Vern Riffe

From Wikipedia, the free encyclopedia
Jump to: navigation, search
Vern Riffe
Vern Riffe.jpg
97th Speaker of the Ohio House of Representatives
In office
January 6, 1975 - January 2, 1995
Preceded by A. G. Lancione
Succeeded by Jo Ann Davidson
Member of the Ohio House of Representatives
from the 92nd district
In office
January 3, 1967 – December 31, 1994
Preceded by District established
Succeeded by William L. Ogg
Personal details
Born (1925-06-25)June 25, 1925
New Boston, Ohio
Died July 31, 1997(1997-07-31) (aged 72)
Columbus, Ohio
Political party Democratic

Vernal G. Riffe Jr. (June 25, 1925 – July 31, 1997) was an American politician of the Democratic party. Riffe served for many years in the Ohio House of Representatives and was the longest serving speaker of the Ohio House of Representatives in the history of that institution, holding that office for 20 years.

Life and political career[edit]

Riffe, a moderate Democrat, was an exceptionally strong Speaker, even bringing Republican members of the House under his sway by threatening to fund the campaigns of their Democratic opponents for re-election.

Riffe, who hailed from the impoverished Appalachian Region of southeastern Ohio, fought hard to bring money for development to his corner of the state. Riffe's efforts resulted in the creation of Shawnee State University in Portsmouth, sometimes referred to as "Vern Riffe U." He also brought funding to southern Ohio for the building of a major highway, Ohio 32, disparaged as the "Highway to Nowhere," which starts in the countryside near Athens, Ohio, in the east and winds its way westward across Southern Ohio, finally ending in rural Clermont County east of Cincinnati. At the time of its construction it traversed no major population centers, stopping short of both Cincinnati and Athens. Today, it is referred to as the Appalachian Highway or the James A. Rhodes Appalachian Highway.

Riffe has been honored by several state agencies in Ohio. The Vernal Riffe Chair, a professorship in government at The Ohio State University is named after him. Ohio State's Department of Biochemistry is housed in the Vernal G. Riffe Building. The Vern Riffe Center for Government and the Arts, located across High Street from the Ohio Statehouse in Downtown Columbus, provides office space for the Governor of Ohio, members of the Ohio House of Representatives and many state agencies. The Vern Riffe Center for the Arts in Portsmouth is located at Shawnee State University.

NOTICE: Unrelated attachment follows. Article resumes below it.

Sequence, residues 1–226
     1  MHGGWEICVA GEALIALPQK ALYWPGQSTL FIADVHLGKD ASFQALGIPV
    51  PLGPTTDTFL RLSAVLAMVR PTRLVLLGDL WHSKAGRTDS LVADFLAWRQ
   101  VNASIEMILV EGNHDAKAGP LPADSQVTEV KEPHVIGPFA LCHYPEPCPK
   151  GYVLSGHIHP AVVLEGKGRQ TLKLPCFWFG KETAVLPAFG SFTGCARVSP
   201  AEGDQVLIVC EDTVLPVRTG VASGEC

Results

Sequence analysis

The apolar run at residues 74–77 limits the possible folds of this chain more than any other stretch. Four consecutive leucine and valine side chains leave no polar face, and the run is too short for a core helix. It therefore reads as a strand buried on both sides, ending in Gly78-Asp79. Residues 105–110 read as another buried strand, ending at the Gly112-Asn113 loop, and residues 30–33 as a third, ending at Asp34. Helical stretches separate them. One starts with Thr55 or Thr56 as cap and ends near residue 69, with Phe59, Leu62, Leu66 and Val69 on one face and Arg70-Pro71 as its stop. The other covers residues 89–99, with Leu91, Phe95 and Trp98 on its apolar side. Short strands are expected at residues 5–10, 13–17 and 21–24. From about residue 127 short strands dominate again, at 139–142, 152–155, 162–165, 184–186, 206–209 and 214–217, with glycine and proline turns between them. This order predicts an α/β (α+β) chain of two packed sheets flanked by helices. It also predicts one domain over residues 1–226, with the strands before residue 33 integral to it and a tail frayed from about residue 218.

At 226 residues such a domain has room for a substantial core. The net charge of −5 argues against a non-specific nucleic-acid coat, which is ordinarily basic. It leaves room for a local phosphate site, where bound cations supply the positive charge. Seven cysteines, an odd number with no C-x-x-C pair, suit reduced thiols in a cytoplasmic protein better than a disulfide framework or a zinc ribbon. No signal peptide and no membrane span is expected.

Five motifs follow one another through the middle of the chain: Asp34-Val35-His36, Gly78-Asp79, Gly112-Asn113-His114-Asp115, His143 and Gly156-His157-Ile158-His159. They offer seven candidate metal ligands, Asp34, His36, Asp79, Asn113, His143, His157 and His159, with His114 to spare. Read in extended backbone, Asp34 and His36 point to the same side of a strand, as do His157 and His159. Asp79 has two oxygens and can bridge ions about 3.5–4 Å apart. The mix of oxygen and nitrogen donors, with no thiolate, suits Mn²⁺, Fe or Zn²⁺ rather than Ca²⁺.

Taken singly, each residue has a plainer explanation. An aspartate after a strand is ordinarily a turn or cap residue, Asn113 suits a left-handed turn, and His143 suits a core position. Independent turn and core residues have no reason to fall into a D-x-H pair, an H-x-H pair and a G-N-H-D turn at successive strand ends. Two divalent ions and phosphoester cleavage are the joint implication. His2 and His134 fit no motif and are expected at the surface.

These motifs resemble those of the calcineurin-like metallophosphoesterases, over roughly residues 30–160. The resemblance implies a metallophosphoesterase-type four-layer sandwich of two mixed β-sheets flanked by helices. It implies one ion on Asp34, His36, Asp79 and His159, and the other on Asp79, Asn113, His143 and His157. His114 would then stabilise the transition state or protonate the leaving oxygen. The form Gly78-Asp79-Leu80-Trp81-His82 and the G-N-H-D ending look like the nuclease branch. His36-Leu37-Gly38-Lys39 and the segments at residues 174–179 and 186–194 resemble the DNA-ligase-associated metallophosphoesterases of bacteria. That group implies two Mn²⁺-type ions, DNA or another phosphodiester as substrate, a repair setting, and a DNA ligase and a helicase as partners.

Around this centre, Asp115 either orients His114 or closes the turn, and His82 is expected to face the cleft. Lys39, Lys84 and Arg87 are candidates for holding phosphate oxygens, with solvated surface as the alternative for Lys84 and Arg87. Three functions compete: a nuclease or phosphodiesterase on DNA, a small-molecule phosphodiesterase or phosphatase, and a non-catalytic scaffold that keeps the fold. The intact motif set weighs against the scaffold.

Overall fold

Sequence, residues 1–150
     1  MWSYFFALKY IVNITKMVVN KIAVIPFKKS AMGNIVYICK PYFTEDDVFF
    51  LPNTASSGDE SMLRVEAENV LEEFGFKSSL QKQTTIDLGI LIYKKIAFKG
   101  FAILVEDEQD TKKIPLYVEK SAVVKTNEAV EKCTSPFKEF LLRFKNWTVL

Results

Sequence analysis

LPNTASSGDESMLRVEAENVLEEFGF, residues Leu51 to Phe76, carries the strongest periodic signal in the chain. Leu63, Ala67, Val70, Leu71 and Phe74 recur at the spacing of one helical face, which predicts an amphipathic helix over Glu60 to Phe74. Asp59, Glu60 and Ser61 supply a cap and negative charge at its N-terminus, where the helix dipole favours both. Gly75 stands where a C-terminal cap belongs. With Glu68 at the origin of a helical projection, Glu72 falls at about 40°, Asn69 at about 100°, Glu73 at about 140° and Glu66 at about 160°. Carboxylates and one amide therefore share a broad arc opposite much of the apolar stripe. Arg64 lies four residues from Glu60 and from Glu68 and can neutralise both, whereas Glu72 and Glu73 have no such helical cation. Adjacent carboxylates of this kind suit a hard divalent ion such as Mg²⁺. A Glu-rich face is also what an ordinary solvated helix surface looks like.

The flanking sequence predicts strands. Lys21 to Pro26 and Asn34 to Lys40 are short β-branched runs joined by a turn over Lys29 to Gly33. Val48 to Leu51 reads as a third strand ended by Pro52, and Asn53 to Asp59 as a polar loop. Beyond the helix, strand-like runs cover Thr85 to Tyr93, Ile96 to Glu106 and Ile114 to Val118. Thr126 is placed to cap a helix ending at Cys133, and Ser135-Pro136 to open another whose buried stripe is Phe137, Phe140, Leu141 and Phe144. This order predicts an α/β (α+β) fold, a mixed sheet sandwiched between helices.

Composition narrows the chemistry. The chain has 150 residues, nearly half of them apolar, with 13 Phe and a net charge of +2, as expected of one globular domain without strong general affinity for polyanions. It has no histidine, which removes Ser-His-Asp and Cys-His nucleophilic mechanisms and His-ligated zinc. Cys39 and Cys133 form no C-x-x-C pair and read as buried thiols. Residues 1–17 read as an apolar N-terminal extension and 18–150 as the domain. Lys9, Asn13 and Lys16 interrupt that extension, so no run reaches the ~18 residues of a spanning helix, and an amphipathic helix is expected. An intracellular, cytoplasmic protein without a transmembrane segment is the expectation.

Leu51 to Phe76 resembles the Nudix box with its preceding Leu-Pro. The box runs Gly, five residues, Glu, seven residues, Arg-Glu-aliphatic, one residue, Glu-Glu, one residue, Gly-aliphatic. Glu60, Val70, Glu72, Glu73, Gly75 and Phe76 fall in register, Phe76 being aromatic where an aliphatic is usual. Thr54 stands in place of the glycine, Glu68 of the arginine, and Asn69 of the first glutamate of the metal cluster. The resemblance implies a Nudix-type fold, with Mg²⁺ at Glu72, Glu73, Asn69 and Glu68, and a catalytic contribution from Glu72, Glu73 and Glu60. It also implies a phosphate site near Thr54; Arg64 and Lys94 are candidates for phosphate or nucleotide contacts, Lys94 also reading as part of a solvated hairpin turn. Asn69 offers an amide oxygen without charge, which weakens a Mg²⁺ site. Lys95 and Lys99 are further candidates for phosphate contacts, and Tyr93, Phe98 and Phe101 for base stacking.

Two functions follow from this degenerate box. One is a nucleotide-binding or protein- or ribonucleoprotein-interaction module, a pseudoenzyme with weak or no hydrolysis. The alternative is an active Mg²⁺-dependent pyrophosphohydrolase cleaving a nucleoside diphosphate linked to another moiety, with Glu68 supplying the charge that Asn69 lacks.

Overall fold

Riffe is buried at Memorial Burial Park in Wheelersburg, Ohio.

Riffe's son, Vernal G. "Skip" Riffe III, is a county commissioner in Scioto County, Ohio. His grandson, Vernal G. "Nick" Riffe IV, ran for Porter Township Trustee in 2009. He finished third.

Riffe's wife continues to reside in Scioto County. His daughter Cathy E. Skiver is a retired elementary school teacher. Verna Riffe Biemel, Riffe's second daughter currently serves with the American Cancer Society and Mary Beth Hewitt, Riffe's third daughter is a former teacher. Riffe served as a member of the Ohio House for 36 years, from 1959 to 1995 and served as speaker from 1975 until 1994. Because of his power to raise funds, Riffe's departure from the political scene was a major financial blow to the Ohio Democratic Party.


Honorary Federal Marshal, bestowed in 1996

Buildings named after[edit]

The Vern Riffe Center for the Arts located on the Campus of Shawnee State, The Vern Riffe School located in Portsmouth Ohio, and Vern Riffe Center for Government and the Arts in Columbus Ohio.


An autobiographical book, Whatever's Fair, co-written by Cliff Treyens, a former Columbus Dispatch writer, was published in the spring of 2007 celebrating the life and career of Riffe. A gathering of family, friends, and former political colleagues was held the day before Riffe's birthday (June 25) at the Portsmouth Welcome Center to introduce the book.[1][2]


  1. ^ Frank Lewis. "Celebrating Riffe's Life". Portsmouth Daily Times. Retrieved 2007-06-26. 
  2. ^ Frank Lewis. "Reviewing 'Mr. Speaker'". Portsmouth Daily Times. Retrieved 2007-06-26. 

External links[edit]